The Eikon10S has a 10 inch driver in a roughly cube shaped, ported MDF cabinet. You get a 150W class AB amplifier and a frequency range quoted as 40Hz to 150Hz, XLR and jack connectivity, and controls for level and high and low cut. Those low and high cut filters are used to pair the sub with your main monitor - your full signal is fed to the sub, then the low cut sets the cut-off frequency for what is sent on to the nearfield, and the high cut rolls-off the (relatively) high end that you hear from the sub. These settings, along with a phase (polarity really) switch are essential to make sure that your lower mid-range doesn’t get turned into a confused phasey mess between the sub and main monitors. The user manual has sample setting for each of the nearfield settings and they’re mostly pretty good – thought a little tweak to suit your own room will always be in-order. I say mostly, because at the levels that I was listening at, the recommended overall sub level was far, far, far too loud - start with it turned to minimum when you do your set-up!
Positioning and filtering are key to getting a sub to work well, and I probably took about 15 minutes to get it to where I figured it was working best. I listened to some mixes that I’m familiar with, and they sounded pretty good, but when I ran a test signal that sweeps from 20 to 20K Hz, it was apparent that I still had far too much low end. This is the paradox of a well set-up sub - unless you’re working in a very bass heavy style, you really don’t seem to get much for your money - until you turn it off (and bypass the filters – obviously)! The obvious benefit is that the low-end is extended - not to a stupid degree but very noticeably - but removing the lower frequencies from the nearfield set-up really opens the mid-range.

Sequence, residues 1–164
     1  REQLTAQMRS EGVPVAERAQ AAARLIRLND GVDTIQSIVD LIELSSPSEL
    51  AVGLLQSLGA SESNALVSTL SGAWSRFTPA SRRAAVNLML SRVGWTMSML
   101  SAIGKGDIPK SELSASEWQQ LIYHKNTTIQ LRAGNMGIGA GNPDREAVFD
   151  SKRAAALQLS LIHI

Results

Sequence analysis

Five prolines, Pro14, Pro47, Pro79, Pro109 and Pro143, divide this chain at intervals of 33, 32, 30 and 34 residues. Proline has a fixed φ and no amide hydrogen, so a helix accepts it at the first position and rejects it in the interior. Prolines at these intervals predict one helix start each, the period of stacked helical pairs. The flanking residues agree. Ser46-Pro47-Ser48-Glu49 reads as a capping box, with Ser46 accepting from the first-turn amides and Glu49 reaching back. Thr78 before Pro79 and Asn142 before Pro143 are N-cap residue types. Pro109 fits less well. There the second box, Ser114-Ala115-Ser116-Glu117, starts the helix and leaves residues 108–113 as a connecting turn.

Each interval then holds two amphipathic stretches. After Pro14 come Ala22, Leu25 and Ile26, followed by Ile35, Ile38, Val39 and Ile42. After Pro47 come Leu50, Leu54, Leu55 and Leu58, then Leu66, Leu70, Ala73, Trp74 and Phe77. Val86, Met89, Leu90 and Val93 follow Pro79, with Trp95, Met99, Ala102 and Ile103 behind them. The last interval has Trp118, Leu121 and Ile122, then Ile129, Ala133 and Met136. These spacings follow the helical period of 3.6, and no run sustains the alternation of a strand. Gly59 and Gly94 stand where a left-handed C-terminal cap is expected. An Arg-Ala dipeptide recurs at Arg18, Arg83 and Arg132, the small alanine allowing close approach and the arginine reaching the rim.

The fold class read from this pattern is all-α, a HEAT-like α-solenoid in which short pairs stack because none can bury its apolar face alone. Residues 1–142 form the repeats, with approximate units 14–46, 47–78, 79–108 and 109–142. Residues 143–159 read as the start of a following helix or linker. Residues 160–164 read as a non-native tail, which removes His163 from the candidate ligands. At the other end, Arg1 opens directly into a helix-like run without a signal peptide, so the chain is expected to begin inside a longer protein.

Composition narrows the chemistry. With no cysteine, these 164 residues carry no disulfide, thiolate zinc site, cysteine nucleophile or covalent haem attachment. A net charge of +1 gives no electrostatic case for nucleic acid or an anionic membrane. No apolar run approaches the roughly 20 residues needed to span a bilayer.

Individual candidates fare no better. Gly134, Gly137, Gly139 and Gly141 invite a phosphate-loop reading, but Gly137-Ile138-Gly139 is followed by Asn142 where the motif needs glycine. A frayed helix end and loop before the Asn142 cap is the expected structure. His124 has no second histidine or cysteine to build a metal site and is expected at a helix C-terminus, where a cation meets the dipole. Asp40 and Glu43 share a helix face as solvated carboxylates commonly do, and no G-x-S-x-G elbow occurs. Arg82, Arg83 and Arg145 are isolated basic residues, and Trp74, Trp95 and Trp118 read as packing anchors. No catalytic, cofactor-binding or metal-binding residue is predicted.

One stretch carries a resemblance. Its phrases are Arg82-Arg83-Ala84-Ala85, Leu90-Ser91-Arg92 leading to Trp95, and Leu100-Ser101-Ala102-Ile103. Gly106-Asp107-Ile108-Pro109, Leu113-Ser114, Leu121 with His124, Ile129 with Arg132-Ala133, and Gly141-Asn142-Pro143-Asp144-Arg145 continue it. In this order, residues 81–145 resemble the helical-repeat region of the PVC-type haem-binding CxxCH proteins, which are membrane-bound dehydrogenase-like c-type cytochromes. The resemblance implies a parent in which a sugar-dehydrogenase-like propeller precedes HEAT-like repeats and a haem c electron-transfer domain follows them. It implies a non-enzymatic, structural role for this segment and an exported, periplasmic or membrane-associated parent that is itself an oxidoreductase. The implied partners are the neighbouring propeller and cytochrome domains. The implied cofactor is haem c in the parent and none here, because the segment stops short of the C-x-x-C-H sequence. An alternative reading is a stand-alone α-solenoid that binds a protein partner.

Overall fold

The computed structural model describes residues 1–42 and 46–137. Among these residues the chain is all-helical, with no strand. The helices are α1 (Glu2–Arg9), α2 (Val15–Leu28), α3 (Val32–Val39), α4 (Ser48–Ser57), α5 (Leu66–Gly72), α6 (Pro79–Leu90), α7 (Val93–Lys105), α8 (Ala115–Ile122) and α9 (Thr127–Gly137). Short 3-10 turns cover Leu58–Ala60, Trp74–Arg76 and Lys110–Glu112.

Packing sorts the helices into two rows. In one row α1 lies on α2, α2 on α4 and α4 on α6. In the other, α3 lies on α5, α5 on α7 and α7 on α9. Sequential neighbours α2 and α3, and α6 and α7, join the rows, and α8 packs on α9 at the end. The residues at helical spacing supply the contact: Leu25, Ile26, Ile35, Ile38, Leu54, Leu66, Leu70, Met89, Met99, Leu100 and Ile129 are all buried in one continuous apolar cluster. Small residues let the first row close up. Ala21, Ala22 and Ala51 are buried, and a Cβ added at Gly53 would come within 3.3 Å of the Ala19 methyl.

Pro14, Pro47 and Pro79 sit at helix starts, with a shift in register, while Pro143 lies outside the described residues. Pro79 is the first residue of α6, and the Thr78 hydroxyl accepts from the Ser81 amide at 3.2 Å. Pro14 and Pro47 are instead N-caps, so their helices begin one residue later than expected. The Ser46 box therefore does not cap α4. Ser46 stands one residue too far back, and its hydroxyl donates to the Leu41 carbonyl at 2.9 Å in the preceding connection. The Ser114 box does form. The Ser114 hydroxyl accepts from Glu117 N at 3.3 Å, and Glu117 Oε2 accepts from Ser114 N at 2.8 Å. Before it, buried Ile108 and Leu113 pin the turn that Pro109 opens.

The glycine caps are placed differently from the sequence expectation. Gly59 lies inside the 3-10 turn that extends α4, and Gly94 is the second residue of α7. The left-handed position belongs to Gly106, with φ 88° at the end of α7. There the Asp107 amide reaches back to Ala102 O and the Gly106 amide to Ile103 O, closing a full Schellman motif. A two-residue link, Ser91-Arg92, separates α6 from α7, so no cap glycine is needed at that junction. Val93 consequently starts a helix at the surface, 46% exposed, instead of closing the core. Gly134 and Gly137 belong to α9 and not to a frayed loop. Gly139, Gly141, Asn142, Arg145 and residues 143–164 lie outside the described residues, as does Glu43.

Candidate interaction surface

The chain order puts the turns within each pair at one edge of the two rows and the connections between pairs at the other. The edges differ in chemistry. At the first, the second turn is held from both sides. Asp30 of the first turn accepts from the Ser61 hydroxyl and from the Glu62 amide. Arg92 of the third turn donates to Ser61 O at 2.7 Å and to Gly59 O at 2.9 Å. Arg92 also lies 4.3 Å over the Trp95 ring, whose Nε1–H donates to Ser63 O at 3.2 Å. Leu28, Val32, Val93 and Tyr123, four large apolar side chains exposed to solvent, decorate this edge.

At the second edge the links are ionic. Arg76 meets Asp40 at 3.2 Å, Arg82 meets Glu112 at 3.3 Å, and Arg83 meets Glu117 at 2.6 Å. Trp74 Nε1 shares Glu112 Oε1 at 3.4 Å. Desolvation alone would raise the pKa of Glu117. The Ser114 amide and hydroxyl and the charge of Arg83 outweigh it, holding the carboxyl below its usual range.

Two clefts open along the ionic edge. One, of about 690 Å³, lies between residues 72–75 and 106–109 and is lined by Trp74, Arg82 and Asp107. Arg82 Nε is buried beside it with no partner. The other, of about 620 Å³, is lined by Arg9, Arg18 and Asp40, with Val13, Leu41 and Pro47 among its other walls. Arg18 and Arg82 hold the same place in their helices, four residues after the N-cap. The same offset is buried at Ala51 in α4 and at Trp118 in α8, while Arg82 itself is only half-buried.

I know that people worry about sub set-up (perhaps we should do an article about this) but really, once you get a decent set-up right it should blend into a seamless, full range sound. Does it? Oh yes. The Eikon10S doesn’t just add low-end extension, in fact I actually found myself using little, if any, more bottom end than with just the Eikon6s on their own, but unloading the bass frequencies from them made the whole system tighter and cleaner sounding, and with a bit of volume it sounds glorious.
I’ve enjoyed the combined Proels so much that I left them plugged-in well after I finished reviewing them - I had to re-assemble my usual set-up to make the video for this article - and I’m currently feeling a bit of a loss. There’s not a lot of pricing information available online as I’m writing, but I’ve seen the official distributor pricing and they are very affordable. As always, only you can know if you’ll actually like the sound, but a pair of the smaller nearfields, with the ability to add a cost-effective matching sub at a later date, could be a very attractive route to an extremely usable and solid 2.1 monitoring system.
These are good solid monitors, albeit in a very crowded part of the market. The Eikon10S really does upgrade the system. Well worth an audition to see how you like them - but don’t assume that the bigger nearfields will necessarily be better for what YOU need - I suspect that a set of the smaller speakers along with the sub would have actually worked better for me in my mix-room. Definitely add these to your audition list.